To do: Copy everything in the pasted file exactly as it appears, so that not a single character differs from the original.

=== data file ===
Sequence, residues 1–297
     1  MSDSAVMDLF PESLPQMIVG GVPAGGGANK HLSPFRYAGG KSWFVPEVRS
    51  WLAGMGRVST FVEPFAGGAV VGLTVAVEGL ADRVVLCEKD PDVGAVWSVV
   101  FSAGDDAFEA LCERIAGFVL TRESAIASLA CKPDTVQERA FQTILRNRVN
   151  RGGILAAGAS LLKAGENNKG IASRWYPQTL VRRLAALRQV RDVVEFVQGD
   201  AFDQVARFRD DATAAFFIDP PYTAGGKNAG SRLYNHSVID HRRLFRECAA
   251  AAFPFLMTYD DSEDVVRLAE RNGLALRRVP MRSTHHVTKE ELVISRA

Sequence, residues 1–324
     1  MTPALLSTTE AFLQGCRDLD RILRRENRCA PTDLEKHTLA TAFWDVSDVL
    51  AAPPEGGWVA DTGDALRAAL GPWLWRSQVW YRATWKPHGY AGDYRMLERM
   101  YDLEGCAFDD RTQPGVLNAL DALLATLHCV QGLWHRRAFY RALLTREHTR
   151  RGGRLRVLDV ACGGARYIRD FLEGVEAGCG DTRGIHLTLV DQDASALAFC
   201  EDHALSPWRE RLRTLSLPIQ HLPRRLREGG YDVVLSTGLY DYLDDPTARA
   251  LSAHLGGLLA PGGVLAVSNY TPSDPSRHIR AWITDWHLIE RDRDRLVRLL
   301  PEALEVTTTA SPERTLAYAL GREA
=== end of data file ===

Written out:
Sequence, residues 1–297
     1  MSDSAVMDLF PESLPQMIVG GVPAGGGANK HLSPFRYAGG KSWFVPEVRS
    51  WLAGMGRVST FVEPFAGGAV VGLTVAVEGL ADRVVLCEKD PDVGAVWSVV
   101  FSAGDDAFEA LCERIAGFVL TRESAIASLA CKPDTVQERA FQTILRNRVN
   151  RGGILAAGAS LLKAGENNKG IASRWYPQTL VRRLAALRQV RDVVEFVQGD
   201  AFDQVARFRD DATAAFFIDP PYTAGGKNAG SRLYNHSVID HRRLFRECAA
   251  AAFPFLMTYD DSEDVVRLAE RNGLALRRVP MRSTHHVTKE ELVISRA

Sequence, residues 1–324
     1  MTPALLSTTE AFLQGCRDLD RILRRENRCA PTDLEKHTLA TAFWDVSDVL
    51  AAPPEGGWVA DTGDALRAAL GPWLWRSQVW YRATWKPHGY AGDYRMLERM
   101  YDLEGCAFDD RTQPGVLNAL DALLATLHCV QGLWHRRAFY RALLTREHTR
   151  RGGRLRVLDV ACGGARYIRD FLEGVEAGCG DTRGIHLTLV DQDASALAFC
   201  EDHALSPWRE RLRTLSLPIQ HLPRRLREGG YDVVLSTGLY DYLDDPTARA
   251  LSAHLGGLLA PGGVLAVSNY TPSDPSRHIR AWITDWHLIE RDRDRLVRLL
   301  PEALEVTTTA SPERTLAYAL GREA